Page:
Using the Four Basic Steps of Progressive Discipline to Instruct Instead of Punish

Establishing discipline procedures is critical to the effective enforcement of work rules. For numerous reasons, many employers adopt a progressive discipline system, which imposes increasingly severe penalties for repeated offenses.

One of the biggest advantages of progressive discipline is not actually about punitive discipline, however. It is its ability to help employees improve their behavior or performance through effective and structured coaching from their supervisors. By using the four major steps of progressive discipline to instruct and help your employees, you are setting your business up for greater success.

Informal Verbal Warning

An informal warning is when an employee is verbally told to correct the behavior. Informal warnings are always documented but do not go into the employee’s personnel file as a formal notice. Remember, if it isn’t written down, then it didn’t happen. It is recommended that supervisors keep a notebook to write down conversations with employees to be referenced later, whether for disciplinary reasons, to celebrate later improvement,  

This informal conversation is a great opportunity to address the issue while giving the employee an opportunity to correct the issue. Depending on the relationship between a supervisor and employee, it also gives the employee a chance to explain any factors, whether from their personal life, or in the workplace, that might be impacting their performance. Utilizing this informal step allows the conversation to be constructive and informative and not feel punitive for the employee, which makes it more likely that they will happily correct the issue moving forward.

Formal Verbal Warning

A formal verbal warning occurs when the employee begins to show a pattern of negative behavior or a rule has been violated. This verbal warning should be documented and may be placed in the employee’s personnel file. The oral warning should include disciplinary actions that will follow if behavior does not improve as well as a follow up date.

When making a formal verbal warning, the supervisor should make sure to communicate the process that will lead to the employee improving their behavior. This should include affirming that they are available to support the employee, and that they truly want the employee to improve. This will help the employee move forward and feel motivated instead of punished.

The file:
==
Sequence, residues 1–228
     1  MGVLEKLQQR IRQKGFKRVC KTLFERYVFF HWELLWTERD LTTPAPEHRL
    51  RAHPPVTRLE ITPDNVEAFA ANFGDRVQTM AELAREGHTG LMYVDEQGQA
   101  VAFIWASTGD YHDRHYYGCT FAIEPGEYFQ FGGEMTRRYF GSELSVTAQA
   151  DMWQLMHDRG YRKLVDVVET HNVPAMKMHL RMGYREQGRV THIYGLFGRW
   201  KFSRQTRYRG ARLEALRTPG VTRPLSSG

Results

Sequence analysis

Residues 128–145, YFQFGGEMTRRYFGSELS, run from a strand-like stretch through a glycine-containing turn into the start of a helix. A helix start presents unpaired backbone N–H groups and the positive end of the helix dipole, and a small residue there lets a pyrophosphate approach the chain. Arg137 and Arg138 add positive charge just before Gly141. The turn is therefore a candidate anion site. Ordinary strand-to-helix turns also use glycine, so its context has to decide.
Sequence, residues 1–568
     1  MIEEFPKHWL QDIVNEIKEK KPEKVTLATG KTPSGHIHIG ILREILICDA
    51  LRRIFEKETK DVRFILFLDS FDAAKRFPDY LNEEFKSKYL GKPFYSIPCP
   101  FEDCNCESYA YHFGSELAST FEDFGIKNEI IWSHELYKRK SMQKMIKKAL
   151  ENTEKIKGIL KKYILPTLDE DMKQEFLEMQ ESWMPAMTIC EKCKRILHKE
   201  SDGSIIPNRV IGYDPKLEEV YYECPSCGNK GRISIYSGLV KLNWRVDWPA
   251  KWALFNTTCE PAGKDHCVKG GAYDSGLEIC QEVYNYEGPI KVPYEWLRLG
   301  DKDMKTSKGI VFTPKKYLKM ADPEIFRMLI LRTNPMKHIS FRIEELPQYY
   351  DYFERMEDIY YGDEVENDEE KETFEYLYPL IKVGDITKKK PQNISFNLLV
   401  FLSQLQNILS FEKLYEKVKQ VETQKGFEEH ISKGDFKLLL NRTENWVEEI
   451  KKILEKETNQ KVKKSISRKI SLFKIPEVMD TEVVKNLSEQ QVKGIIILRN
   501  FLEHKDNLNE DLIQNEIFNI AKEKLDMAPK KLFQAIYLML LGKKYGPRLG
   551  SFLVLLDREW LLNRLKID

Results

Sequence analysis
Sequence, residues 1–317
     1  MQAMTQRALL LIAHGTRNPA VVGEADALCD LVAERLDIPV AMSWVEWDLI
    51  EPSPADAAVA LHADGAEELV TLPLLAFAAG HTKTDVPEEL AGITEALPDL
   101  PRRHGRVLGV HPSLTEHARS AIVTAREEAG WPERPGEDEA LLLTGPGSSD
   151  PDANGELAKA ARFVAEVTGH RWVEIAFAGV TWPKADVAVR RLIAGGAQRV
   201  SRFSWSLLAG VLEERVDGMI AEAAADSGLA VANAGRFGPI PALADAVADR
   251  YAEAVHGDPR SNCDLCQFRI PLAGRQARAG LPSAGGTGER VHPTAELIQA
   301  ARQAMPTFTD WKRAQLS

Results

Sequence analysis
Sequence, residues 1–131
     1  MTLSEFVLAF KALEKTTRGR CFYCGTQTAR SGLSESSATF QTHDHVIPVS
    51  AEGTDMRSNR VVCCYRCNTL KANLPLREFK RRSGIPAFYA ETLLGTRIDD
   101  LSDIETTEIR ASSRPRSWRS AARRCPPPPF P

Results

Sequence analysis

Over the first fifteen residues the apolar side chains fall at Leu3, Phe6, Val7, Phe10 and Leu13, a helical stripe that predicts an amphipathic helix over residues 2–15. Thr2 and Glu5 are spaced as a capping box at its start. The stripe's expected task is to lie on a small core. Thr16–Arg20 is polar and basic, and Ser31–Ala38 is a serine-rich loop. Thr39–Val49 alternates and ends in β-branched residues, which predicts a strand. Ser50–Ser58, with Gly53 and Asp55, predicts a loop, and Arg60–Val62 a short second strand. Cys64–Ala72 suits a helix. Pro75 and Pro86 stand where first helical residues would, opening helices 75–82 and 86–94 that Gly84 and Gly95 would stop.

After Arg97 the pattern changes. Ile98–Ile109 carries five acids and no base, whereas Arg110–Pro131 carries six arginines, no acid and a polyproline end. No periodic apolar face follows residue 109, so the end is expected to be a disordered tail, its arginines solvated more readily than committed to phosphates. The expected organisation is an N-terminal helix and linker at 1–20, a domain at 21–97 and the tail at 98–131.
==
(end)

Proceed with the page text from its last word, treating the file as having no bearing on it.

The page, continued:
Follow up should occur in either one week or a month depending on the specific behavior. At the follow up meeting, the employee should be told whether or not sufficient improvement or change has occurred. If the employee has successfully made the changes you discussed, then make sure to recognize the work they put into this.

Written Warning

If there has been insufficient improvement or change, you should go to the next step of the process—a written warning. A written warning is used to make record of the violation that has occurred as well as the warning you have given to the employee regarding the behavior or rule violation. This should be placed in the employee’s personnel file.

Depending on the specific behavior, an employee may receive one written warning or multiple written warnings. As with a formal verbal warning, each written warning should include disciplinary actions that will follow if behavior does not improve as well as a follow up date.

Like a formal verbal warning, a written warning should also come with communication between the employee and supervisor that lays out a plan for improvement. Receiving this kind of discipline can feel defeating to many employees, so it is also a good idea for the supervisor to encourage the employee while discussing this plan, especially highlighting the employee’s strengths and why the supervisor believes that improvement is attainable.

In addition, a written warning should include an expiration date. This is the time frame in which the written warning will remain active in the employee’s personnel file. This is typically six months to one year, depending on the severity of the offense. Ideally, the Manager, Supervisor and Employee should all sign and date the written warning as acknowledgement of the warning and the plan set forth to improve behavior. This is your agreement with the employee to work together in order to right the situation for the good of everyone involved.

Termination

If the other steps of progressive discipline fail to correct an employee’s behavior, or in the case of especially serious violations, the final stage of progressive discipline is termination. Termination typically results when all other disciplinary steps fail to correct the behavior. It is unfortunate when this step becomes necessary, especially after working with the employee the make changes. However, it is still better to know the employee was given chances to succeed, and that termination was necessary than to be unsure.

It’s a Process

Remember that progressive discipline is a process, not a single meeting or document. The ultimate goal should always be to correct the problem and improve the employee’s performance. In ideal circumstances, this process should be more instructional than punitive. The only way to do this is to check in often on the status of the improvement plan and work closely with the employee to ensure a positive outcome. You need to stay involved until the problem is solved.

By using progressive discipline and following these basic steps, you can both create a healthier and more instructional dynamic between management, supervisors, and employees, as well as protect your company legally through extensive documentation and consistent processes.

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